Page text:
The HR Specialist

Q. An employee has been out for the past few months on workers’ comp. During his recovery, we placed someone else in his position. His replacement has performed better than the injured employee, and we want to keep the replacement. Do we have to return the original employee to his job following his return from workers’ comp leave? —R.P. …

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The National Association of Securities Dealers (NASD) fined Citigroup Global Markets Inc. $3 million to settle charges of using misleading sales materials during retirement seminars for BellSouth employees in North Carolina and South Carolina. NASD also ordered Citigroup to pay $12.2 million in restitution, and it suspended three brokers who conducted the seminars …

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The House voted last week to reverse a three-month-old U.S. Supreme Court decision that set a strict time limits for filing pay-discrimination claims. Do you have to worry about this bill winning final approval? Here’s the answer …

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The selection process is over, and the newly promoted employee has begun work. Now is not the time for those involved in the hiring process to pontificate on racial balance in the workplace. That’s especially true if the applicants were all qualified for the position and a member of a majority class was selected over minority candidates …

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If an employee says he or she is being sexually harassed, it’s management’s job to take the complaint seriously. Those who don’t may have to pay dearly—because a jury may order that the victim receive punitive damages, too. The quickest way to earn those punitive damages is to make light of complaints. As the following case shows, that can mean an extra payment of three times the actual damages—or even more …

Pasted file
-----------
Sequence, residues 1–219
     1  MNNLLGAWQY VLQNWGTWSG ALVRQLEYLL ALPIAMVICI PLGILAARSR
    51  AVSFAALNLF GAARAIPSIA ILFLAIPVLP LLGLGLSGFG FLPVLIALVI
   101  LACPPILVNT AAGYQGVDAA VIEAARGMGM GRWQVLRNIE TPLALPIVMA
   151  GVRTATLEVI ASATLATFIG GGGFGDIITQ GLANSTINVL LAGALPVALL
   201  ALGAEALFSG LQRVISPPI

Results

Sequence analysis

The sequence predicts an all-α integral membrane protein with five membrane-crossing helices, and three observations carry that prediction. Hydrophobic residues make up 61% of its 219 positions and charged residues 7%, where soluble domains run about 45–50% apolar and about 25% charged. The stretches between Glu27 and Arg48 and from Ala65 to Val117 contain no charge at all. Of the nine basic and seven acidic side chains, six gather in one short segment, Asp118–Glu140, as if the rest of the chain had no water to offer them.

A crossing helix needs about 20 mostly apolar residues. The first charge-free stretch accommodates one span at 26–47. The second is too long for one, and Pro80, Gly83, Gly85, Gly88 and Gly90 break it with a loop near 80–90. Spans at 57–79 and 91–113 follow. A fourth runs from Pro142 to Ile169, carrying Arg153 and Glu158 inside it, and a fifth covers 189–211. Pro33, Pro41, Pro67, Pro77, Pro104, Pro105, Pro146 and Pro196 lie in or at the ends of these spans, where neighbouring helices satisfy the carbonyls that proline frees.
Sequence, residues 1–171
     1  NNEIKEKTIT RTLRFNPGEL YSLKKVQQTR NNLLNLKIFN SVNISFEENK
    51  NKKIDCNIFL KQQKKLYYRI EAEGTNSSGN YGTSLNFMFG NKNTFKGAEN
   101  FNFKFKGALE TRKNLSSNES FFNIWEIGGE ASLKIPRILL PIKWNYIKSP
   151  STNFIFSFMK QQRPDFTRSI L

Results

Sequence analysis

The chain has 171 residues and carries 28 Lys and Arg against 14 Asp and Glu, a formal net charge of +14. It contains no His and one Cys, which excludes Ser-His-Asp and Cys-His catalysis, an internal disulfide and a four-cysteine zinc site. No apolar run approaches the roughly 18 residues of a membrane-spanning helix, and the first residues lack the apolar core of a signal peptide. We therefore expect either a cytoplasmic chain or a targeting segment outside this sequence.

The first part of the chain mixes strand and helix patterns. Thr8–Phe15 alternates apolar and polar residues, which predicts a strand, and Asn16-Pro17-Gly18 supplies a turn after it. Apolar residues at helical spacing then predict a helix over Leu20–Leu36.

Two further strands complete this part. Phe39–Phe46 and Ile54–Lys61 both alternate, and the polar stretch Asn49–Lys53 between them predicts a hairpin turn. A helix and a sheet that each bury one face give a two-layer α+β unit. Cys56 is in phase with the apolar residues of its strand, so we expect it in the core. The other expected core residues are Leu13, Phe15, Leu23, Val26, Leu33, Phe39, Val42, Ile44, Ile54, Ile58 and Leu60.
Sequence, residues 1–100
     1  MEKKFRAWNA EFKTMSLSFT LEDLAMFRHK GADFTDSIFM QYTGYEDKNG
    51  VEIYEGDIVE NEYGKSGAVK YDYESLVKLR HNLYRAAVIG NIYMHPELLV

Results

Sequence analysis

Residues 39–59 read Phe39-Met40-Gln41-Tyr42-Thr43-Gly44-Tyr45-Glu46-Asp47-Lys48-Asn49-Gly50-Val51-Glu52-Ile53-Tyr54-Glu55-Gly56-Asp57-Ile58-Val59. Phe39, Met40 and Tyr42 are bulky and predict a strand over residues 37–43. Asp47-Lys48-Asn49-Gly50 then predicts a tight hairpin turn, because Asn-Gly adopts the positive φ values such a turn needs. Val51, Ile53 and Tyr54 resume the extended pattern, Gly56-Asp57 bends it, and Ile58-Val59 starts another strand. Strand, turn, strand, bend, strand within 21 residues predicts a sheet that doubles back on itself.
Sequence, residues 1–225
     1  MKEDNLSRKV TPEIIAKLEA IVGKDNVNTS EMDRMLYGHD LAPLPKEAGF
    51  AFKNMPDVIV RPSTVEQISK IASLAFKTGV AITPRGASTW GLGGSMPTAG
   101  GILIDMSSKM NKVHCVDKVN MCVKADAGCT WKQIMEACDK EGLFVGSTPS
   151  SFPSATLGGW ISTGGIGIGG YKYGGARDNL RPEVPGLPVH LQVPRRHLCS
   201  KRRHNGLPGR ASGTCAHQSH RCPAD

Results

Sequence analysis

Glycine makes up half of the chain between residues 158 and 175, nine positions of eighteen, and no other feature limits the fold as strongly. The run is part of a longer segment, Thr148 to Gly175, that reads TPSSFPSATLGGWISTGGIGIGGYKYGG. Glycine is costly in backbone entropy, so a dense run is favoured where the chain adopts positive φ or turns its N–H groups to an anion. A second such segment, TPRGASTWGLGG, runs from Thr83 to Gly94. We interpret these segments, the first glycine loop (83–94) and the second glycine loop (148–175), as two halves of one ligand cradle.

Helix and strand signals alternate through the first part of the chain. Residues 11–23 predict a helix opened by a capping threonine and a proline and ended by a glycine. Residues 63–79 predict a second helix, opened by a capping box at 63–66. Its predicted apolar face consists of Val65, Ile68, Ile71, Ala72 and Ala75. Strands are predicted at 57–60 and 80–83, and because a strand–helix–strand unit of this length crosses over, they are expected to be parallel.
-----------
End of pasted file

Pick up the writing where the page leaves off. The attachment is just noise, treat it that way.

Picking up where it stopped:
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Q. I know the Americans with Disabilities Act (ADA) gives disabled employees special rights. But I read that the law also extends to employees who aren’t disabled. How is that so? —N.L. …

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Q. Is obtaining a legal release from an employee in exchange for severance pay guaranteed to prevent any legal action by that person? —J.S. …

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Q. I recently read a report that said drug use among employees actually went up in the past decade. We’re considering starting to do drug tests. What should our policy say? —L.U. …

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It’s well-established that employees who claim they have been subjected to a hostile work environment but don’t take advantage of their employer’s complaint process won’t get a chance to take their cases to court. Ever since the landmark U.S. Supreme Court decisions in the Faragher and Burlington Industries cases, employers can use their complaint processes as a defense against co-worker harassment. But what about under state laws, such as the New York State Human Rights Law? …

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Q. Recently, one of my employees quit without giving notice. I was advised that under New York labor law, I have to pay all earned and unused vacation. Is this true? If so, what can I do to prevent this from happening in the future? …

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